The struggle to meet China’s future wood demand

Wood imports to China will inevitably increase in years to come as China struggles to meet its huge wood demand along with juggling its economic and social evolution, and insufficient forestry development.

A logging ban is already in place for some of the Mainland’s leading areas, especially in three north-eastern provinces. And by 2017, China will advance its Natural Forest Protection Program and phase out all commercial logging of natural forests – all state-owned forests will ceased next year and privately-owned land by end of 2017.

The bans will reduce domestic logging output by 50million m3 annually. At the moment, China has 198 million hectares of natural forests, of which 127 million hectares are under the administration reservations since the launch of the Natural Forest Protectoin Program in 1998.

The natural policies will result in an even wider gap between wood demand and the lack of supply to satisfy the demand with its own resources. And so, the country’s reliance on foreign imports of timber is set to increase.

As more and more countries across the globe ban log exports, China lumber imports is set to grow in the upcoming years. Currently, Chinese log imports is estimated to grow to 82 million m3 by 2020, while lumber imports around 52 million m3.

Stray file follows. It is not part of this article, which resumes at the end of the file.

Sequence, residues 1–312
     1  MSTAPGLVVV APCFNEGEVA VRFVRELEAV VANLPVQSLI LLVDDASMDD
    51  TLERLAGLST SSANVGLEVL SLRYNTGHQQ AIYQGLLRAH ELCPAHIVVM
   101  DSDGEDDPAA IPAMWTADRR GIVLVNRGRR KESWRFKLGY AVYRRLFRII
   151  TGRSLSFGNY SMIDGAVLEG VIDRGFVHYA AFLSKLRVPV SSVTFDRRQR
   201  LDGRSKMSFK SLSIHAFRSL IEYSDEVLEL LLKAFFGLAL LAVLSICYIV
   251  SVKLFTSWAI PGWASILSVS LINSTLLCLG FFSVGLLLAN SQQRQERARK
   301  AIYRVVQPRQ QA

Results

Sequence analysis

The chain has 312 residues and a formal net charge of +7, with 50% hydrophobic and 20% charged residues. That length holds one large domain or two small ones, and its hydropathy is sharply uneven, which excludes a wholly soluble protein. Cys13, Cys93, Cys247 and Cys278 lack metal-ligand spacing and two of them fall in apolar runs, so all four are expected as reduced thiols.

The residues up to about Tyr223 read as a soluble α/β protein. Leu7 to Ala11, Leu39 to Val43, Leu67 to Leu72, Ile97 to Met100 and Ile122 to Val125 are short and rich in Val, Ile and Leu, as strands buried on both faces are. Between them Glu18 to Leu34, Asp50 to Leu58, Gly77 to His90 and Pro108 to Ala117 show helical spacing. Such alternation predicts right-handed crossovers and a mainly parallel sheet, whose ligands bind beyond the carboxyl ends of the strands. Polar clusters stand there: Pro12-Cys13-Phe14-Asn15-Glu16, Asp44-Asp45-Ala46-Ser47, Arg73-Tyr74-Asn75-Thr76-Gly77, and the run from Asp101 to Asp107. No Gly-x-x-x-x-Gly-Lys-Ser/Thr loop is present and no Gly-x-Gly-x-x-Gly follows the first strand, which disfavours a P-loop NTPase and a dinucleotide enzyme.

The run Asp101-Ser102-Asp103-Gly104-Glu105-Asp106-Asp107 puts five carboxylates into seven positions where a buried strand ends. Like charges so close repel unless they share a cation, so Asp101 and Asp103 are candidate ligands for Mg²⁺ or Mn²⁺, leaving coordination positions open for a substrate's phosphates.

And with the commercial logging ceased entirely, Chinese wood imports (logs and lumber) may reach 180 to 200 million m3 by 2020.

Countries where China imports valuable hardwood, such as Southeast Asia and Africa, will likely impose export bans in the following years too. However, the Chinese domestic investment and consumption of valuable hardwoods is still strong.

According to the Chinese customs import data in 2013, the total imports of Mahogany in 2013 hit a volume of 3,196,000 m3 and was worthed 38.06 billion yuan.

In 2014, Chinese imports of Mahogany grew to 4,693,000 million m3 and 61.78 billion yuan; an increase of 46.8% in volume and 62.3% in value as compared to the previous year. There is no sign of a decline in the Chinese demand for valuable hardwoods in the near future too.

The current Chinese timber import channels are expected to modify according to some factors: such as the fight against illegal logging, the RMB’s exchange rate and others – leading to the diversification of China’s timber import from origin countries.

In 2013, some of China’s largest logs exporters (larger than 500,000 m3) – Ukraine, Myanmar, the United States, Australia, France and New Zealand – recorded the highest surges; in order, 199%, 57%, 54%, 42%, 35% and 33%.

Chinese lumber imports from Russia, the U.S., Thailand, Chile, the Philippines, Finland, Sweden increased by 13.0%, 16.1%, 25.5%, 64.4%, 47.0%, 156.3% and 223.3%.

During the Chinese 13th economic plan (2016-2020), the main sources for logs imports will be formed by Russia, Ukraine, as representatives of Europe; New Zealand and Australia; the U.S. and Canada.

The largest lumber imports from Europe will come from Russia and Finland; the U.S. and Canada; and Thailand, Indonesia and Philippines from Southeast Asia.

Source: Forestry Expo Co NZ